Knowing when and how to obtain a forensic evaluation - which typically goes beyond the scope of a basic clinical interview - could make or break your case.
Following are several things you should look for in a forensic evaluation:
1. In all evaluations, psychologists complete a clinical interview with the client. Some psychologists stop here, and while a clinical interview is certainly better than no evaluation, it is not the most thorough method of assessment as it is purely self-report.
2. It is more helpful to use psychological testing so that the bulk of information is not based on the client's self-report. Many psychologists administer psychological instruments such as the Minnesota Multiphasic Personality Inventory (MMPI-2), which is an objective measure of personality and major categories of psychopathology. The MMPI-2 is widely used because it is well known to be a reliable, valid test. It also has a Lie Scale to help determine if someone is trying to form a favorable impression or mislead the examiner regarding severity of illness. However, though better than an interview only, this test is, again, based on the client's self-report.
3. It is therefore recommended that multiple tests be completed. A full battery should look at the client's cognitive, emotional, and personality functioning. A battery gives added weight to your argument that the client was fully evaluated. (Tests that are specific to the situation are described in the full article.) This may be where some psychologists end their evaluation.
4. However, a full battery could still be a clinical evaluation and not a forensic evaluation. According to the American Academy of Forensic Psychology, a full forensic evaluation includes actively seeking information from more than one source that would differentially test plausible rival hypotheses. This means psychologists need to actively seek prior records. They also need to talk to people who know the client, to assess both pre- and post-functioning. These collateral contacts are not only family members with a vested interest in the client, but also professionals or disinterested parties who will provide impartial accounts of the client.  
Please click here for the full article which describes evaluations such as competency to stand trial and malingering.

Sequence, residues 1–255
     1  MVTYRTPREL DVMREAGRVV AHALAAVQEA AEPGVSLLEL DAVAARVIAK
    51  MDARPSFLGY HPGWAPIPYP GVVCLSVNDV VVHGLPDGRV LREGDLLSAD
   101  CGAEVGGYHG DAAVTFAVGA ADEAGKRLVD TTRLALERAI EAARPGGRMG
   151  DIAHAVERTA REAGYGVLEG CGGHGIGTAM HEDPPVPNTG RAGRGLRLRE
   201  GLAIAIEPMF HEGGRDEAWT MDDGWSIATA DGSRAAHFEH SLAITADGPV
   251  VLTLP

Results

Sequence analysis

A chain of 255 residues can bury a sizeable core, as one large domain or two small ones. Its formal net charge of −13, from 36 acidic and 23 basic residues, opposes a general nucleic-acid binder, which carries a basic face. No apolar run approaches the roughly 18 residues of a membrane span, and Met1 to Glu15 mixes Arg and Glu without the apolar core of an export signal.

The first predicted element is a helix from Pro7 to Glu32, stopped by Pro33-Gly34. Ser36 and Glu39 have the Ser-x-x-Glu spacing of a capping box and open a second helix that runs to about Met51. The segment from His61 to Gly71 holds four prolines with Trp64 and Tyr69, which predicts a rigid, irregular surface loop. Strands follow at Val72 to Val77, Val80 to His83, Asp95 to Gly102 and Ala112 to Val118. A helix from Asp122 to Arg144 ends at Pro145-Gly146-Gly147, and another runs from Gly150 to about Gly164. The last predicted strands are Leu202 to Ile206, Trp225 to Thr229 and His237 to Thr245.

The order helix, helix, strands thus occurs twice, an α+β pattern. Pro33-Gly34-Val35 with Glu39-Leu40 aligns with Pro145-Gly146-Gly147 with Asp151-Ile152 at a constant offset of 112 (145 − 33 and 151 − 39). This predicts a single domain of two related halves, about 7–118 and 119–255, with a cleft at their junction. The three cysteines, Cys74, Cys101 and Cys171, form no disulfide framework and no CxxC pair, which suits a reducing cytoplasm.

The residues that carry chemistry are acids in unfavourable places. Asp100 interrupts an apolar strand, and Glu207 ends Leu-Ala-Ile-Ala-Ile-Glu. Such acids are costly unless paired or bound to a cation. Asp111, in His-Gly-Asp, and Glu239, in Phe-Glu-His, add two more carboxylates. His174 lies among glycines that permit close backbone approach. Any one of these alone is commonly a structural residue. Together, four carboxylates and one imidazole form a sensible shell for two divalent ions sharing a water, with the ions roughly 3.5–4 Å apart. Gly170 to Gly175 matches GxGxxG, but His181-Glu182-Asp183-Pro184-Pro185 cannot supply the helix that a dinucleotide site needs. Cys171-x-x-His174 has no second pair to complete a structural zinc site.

The Role of Our Psychologists in
Separation & Divorce:
Ways We Can Help
The issues in separation and divorce are complex, and individuals separating and divorcing have been seeking the help of psychologists during this process for some time, often at the suggestion of their attorneys. Psychologists can be:
1. Communication consultants when parents are preparing for legal meetings and when they need help identifying your needs and interests in the case. We help people identify their possible triggers, and prepare for emotional reactions and how to deal with them in the moment.
2. Child specialists when parents are preparing to tell their children about the decision to separate or divorce. When children need help to have a voice in the process, we can assess the child's needs and concerns.
3. Co-parenting consultants when parents are working to develop an amicable co-parenting relationship. With our expertise in parenting, families, divorce, and conflict resolution, we help people develop a positive, cooperative, low-conflict shared parenting relationship.

4. Parenting plan experts can be very helpful to decide what might be the best parenting plan for their child. When discussing options move slowly or gets stuck we can help parents talk and listen in a way that they are able to negotiate effectively.

5. A support person or therapist to help parents ease emotional pain, gain insight in to the past and/or present, learn skills to prevent similar problems from occurring again, regain happiness, and feel good about and be prepared for the future. Child psychologists can offer play therapy to children and supportive therapy to teenagers to diminish any emotional pain they may be feeling, and develop coping skills to move through the divorce process with less distress.

To read the full article please visit our website.